Sinfonia of Cambridge’s opening concert of the season offered an evening of Russian favourites, unashamed crowd pleasers but works of huge depth, searing beauty and towering tragedy. The first piece, perhaps the least known, was ‘Autumn’ from ‘The Seasons’ by Glazunov. It was clear that conductor Howard Williams relished the chance to set West Road Concert Hall ablaze (musically speaking of course). He set a breathless pace for this melodiously festive piece – more Mediterranean than Moscow in its rich orchestral colours allowing the players of this fine Cambridge band to show off their considerable talents. The richness of their sound was particularly noticeable in Glazunov’s lusciously lovely adagio contrasting the opening revelry with an achingly nostalgic theme. The Sinfonia certainly did its best to find new fans for this joyous piece.
Though much more than a curtain raiser, the Glazunov was followed by one of the great works of the classical repertoire: Tchaikovsky’s Violin Concerto. The young soloist, Stephanie Childress, a Cambridge graduate with an already formidable CV, strode on to the stage clearly ready to enjoy herself. That she clearly did as from her opening passage to the triumphant end; she gave a fiery and muscular account of this great work. She was superbly supported by the orchestra which has much more than an accompanying role. Every section sounded wonderful but especial praise goes to the hard-worked woodwind and brass sections which also came into their own in the final work of the concert, the fifth syphony of Shostakovitch.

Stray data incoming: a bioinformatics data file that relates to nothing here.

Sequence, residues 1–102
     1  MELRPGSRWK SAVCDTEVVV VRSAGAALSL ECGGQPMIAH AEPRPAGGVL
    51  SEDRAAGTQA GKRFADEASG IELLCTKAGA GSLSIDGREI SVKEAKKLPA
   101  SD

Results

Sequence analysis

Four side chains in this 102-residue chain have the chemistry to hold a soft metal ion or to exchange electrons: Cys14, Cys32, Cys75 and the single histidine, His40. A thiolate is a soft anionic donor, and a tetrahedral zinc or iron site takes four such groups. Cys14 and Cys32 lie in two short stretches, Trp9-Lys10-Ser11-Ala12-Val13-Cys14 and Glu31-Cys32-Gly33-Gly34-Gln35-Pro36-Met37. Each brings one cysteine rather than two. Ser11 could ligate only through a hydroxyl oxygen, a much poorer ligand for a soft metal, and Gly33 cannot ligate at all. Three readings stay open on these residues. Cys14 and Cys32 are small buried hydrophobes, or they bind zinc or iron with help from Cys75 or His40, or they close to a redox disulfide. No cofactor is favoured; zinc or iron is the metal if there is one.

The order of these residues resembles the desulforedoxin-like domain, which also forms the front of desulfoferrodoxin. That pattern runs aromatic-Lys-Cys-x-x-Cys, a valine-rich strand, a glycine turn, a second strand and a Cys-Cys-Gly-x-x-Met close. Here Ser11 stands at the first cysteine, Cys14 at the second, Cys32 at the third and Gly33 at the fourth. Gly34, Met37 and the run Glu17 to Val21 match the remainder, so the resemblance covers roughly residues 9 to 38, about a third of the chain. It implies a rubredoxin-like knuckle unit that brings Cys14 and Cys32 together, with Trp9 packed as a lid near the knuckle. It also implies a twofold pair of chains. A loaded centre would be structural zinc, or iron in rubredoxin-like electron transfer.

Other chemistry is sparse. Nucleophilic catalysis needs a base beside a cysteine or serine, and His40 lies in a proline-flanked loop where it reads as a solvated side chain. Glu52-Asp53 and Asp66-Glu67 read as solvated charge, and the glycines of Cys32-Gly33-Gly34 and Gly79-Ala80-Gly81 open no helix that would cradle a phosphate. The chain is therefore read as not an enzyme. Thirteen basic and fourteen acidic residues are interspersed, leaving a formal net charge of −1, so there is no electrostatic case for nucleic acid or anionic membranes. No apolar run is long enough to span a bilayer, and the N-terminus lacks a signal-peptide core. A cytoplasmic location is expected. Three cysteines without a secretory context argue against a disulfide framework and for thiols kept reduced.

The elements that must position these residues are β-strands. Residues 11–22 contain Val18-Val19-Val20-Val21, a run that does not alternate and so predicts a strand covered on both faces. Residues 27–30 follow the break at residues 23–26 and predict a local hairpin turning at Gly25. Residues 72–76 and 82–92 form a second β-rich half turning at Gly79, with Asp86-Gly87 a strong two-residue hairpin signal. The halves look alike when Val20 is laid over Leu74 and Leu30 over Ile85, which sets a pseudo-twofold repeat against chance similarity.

First performed in 1937 and subtitled ‘A Soviet artist’s creative reply to just criticism’, the piece was supposed to be an emollient response to Stalin’s angry condemnation of Shostakovitch’s previous work (an opera) for failing to ‘infect the masses’. If the cruel dictator was expecting something shallow and triumphalist, then the symphony must have served as a subtle poke in the eye. The huge work takes us from dark menace to sunlit triumph but the musical cards are firmly stacked on the former mood. The Sinfonia was in top form – from the chilling and brooding eight-note motif on the lower strings to the almost deafening grand finale. In between was the famous grotesque march in which the large percussion section excelled and the tragic slow movement with its creative interplay of instruments such as the harp and strings, celeste and bassoon. With the final bars almost lifting off the roof of West Road Concert Hall, there was no doubt that a new and exciting musical season in Cambridge had truly begun.